NJCIE 2020, Vol. 4(1), 172–177


Decolonization of education from the perspective of a Norwegian solidarity organisation for students and academics

Sunniva Folgen Høiskar[1]

Manager, Executive Committee, Norwegian Students’ and Academics’ International Assistance Fund (SAIH)

Copyright the author

Non-peer-reviewed Forum piece; received 4 June 2020; accepted 13 July 2020


For us in SAIH it’s not the daily fare that one of our policy papers becomes the centre of a huge public debate. That was the case in the summer and fall of 2018 when we adopted a resolution calling for decolonization of higher education, questioning the exceptionality of Western academia. Along with a seminar held at PRIO (the Peace Research Institute in Oslo), this sparked a debate with quite harsh criticism from parts of Norwegian academia (Lie, 2018). We called for more visibility of perspectives that are overlooked due to colonial structures still present in academia, and by many this was perceived as a threat to the status quo (Nilsen, 2018). We experienced being ascribed opinions that lay far from SAIH’s work and policies - ranging from populism, anti-science, political correctness, and being compared with anti-vaxxers (Solberg, 2018). One thing was the criticisms that were built on straw man arguments (Sæbø, 2018) or misinterpretations, but what also took us by surprise was the scepticism, and fear that decolonization would harm the quality of education and research (Saugstad et al., 2018). To us, this seemed like a paradox, as decolonial perspectives could in our opinion open up for a chance to critically revisit curricula and teaching practices, and by that strengthen academia as a consequence.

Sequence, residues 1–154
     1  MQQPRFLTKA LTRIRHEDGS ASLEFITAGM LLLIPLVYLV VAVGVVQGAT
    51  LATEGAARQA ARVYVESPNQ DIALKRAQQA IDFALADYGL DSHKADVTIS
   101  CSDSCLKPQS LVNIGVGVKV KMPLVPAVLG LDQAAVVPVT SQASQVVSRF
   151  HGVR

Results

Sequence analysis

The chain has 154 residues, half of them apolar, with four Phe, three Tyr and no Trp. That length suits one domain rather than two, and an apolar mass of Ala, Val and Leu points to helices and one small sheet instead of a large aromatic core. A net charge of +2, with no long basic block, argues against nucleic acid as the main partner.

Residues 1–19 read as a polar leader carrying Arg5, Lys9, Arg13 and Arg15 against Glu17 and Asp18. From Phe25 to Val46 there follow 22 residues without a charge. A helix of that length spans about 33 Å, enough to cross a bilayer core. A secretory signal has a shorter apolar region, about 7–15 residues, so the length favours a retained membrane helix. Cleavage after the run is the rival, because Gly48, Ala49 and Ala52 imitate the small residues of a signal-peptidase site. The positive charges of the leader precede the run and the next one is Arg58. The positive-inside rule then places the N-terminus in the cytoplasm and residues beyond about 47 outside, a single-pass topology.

Another argument brought forward in the debate was that decolonization is an imported trend, but that it is not relevant in Norway, and that SAIH and others were calling for decolonization to be fashionable. While it is true that decolonization of education in a Norwegian context was new for SAIH in 2018, many scholars and students had already been engaged in the topic for a long time and had been making tremendous efforts when the debate came up in 2018. As for SAIH, we have in many ways been working with decolonization ever since we were founded in 1961, and it goes to the core of the values of what we stand for and work for.

SAIH was founded as part of Norwegian students' involvement in the struggle against the apartheid regime in South Africa. Since then, SAIH has worked with our partners for liberation and decolonization both as a struggle against formal colonial powers and coloniality in education systems. Today, SAIH is a medium-size aid organisation in Norway, with long-term development cooperation partnerships with 30 organisations in Southern Africa, Asia, and Latin America. We are governed democratically by member organisations comprising the whole higher education sector, such as university boards, academic unions, student-elected representatives, and activists.

Our motto is "education for liberation" is inspired by the Brazilian pedagogue Paulo Freire’s work, especially in “The Pedagogy of the Oppressed” from 1968. Without critical perspectives, education will only serve to reproduce existing power structures and norms in society. We believe that education can be central in creating fairer societies, but that requires an education that takes the students’ own context into account and enables critical and independent thinking. The idea of a liberating education aligns well with the core issues of the decolonization project (Freire, 1968).